In 2017, I spent several days riding around Lawra, searching for the next rural community for ATE to begin working in. It was a boiling hot day in November when we came across Biro, a very rural community, an hour from the centre of Lawra, impossible to access by car, with no electricity, no mobile phone network, endless farmland with clusters of orange buildings and bright green mango trees. Near the centre of this traditional community, we visited Biro Junior High School. A humble 3 classroom block surrounded by empty fields, roaming cows and the occasional woman passing by carrying a basin of water on her head, with none of the usual sounds of learning coming from the school. The headteacher, Irene, had written ATE an emotive letter requesting our support, but i assumed as we approached that the school was abandoned.

Lieku Irene

As we left our motorbike under an outside building made of sticks, i noticed the most beautiful flowers growing all around the school. In the silence, in the middle of seemingly nowhere,  Irene rushed out to meet us. She was passionate, committed, incredibly knowledgeable, and desperate for our help. She took us into her school, into the one class of children, and i couldn’t believe what i was seeing. 12 teenagers, clustered around damaged desks, sharing one battered text book, focusing intently on their learning. This was the full population of the school at that time – 12 children. I was later to learnt that very few children in Biro go to primary school, and even less go on to Junior High School. Instead, they go South in search of work, they farm the land, they marry, they have children of their own. Poverty is deeply imbedded in this community, with many children telling us they often don’t eat all day, some going as many as 3 days without a meal. I was sold.

3 months later we were providing a daily meal at Biro JHS, and 6 months after that, the population of the school had tripled to 36 children. Beautiful, tangible impact.

We’ve now been working in Biro for 4 years, and we’re incredibly proud of the change we’ve made. As well as providing daily meals, employing 3 cooks, supplying vital learning materials and working relentlessly to get children into school, we’ve set up small businesses, reached out to support disabled children, and funded farmers to grow more food. Biro is still a place of great need, but we’ve made a difference.

The 12 children that i met in 2017 finished their Junior High School education in August, the first 12 young people to complete Biro JHS, and we were determined to support them further. The girls felt like a particularly focus – we know that staying in school is incredibly unlikely and difficult for girls. From as young as 13 or 14 years old, they are under pressure to marry, families wish to receive a dowry in return for them becoming wives. They are often seen to have more value as a wife, than as a student. All 8 told us they did not plan to carry on to Senior High School (SHS) as they didn’t have the financial support they needed. It costs around £300 per year to send a girl to SHS, this is a fortune to a Biro family. Despite this, they were so proud to get their exam results, and all did well:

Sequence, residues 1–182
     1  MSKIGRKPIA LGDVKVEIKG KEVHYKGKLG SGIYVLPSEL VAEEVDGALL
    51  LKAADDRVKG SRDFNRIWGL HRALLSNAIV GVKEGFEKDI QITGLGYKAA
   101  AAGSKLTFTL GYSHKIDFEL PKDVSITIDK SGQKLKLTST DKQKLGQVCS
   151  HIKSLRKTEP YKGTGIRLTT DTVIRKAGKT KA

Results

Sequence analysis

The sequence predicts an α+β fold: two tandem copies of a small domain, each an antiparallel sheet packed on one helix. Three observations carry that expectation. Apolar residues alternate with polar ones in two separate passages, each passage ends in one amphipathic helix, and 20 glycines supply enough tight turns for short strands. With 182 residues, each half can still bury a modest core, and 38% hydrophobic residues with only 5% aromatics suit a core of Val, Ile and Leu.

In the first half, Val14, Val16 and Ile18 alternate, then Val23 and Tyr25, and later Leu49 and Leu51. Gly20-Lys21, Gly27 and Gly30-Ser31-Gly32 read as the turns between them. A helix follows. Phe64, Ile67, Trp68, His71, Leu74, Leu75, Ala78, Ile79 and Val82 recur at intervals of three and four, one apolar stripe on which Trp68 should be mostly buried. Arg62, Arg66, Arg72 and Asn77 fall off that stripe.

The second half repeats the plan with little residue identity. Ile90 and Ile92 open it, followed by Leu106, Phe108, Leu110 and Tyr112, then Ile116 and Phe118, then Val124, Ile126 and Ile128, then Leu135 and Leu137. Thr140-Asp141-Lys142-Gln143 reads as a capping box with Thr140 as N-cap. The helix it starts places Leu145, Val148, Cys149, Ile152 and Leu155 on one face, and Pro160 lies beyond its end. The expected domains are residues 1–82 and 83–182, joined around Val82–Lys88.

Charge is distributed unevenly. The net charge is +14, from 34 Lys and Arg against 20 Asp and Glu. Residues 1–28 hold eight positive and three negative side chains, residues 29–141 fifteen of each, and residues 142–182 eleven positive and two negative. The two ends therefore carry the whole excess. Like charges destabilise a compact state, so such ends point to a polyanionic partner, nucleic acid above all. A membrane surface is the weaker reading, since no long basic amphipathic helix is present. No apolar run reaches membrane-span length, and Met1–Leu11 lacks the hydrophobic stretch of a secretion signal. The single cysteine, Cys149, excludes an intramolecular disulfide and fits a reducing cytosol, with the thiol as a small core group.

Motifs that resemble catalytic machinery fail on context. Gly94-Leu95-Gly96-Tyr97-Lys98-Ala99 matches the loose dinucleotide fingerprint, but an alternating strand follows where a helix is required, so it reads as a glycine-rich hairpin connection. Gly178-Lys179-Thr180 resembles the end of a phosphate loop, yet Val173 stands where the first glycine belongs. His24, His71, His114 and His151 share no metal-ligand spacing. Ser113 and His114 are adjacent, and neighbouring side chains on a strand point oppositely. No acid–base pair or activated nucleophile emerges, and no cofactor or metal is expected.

We were beyond delighted when members of Rotary Clubs in Wiltshire chose to individually sponsor the 8 girls who had completed their exams, to fund them fully for all 3 years of boarding school at Senior High School. It was moment of pure joy when we realised that we could do this for those children, girls who otherwise had absolutely no hope of finding the funds to go to school, girls who deserve the chance to learn.

Amazing Rexford Benon, Hub Manager in Biro, has worked very hard to make the dream of this project become a  reality. Bringing the girls home from the South (where they were working), arranging their admittance to Schools, purchasing everything they need, helped them to negotiate with their families, and organising transport.

7 of them have made it school, one is sadly pregnant. For those 7 – they are trailblazers, they are role models, they have a chance of a bright future and I know they will make it. The one who has not been able to start school this year, will receive different support. We will make sure she is ok. You can read about her here:

If this pilot project goes well (which we are sure it will), and we secure funding, we will role this out to more schools, and repeat for subsequent cohorts. As a staff group, we are deeply engaged in this programme, and emotionally connected to these brave girls who are pursuing education against all odds.

They left for school with joy, and some nervousness! (Bennedictta leaves this week so is not yet pictures in her new uniform).

To the individuals who are funding out girls – from the bottom of our hearts, thank you.

To our girls, you are heroes. We wish you all the luck in the world.

By Sarah Gardner, Chief Executive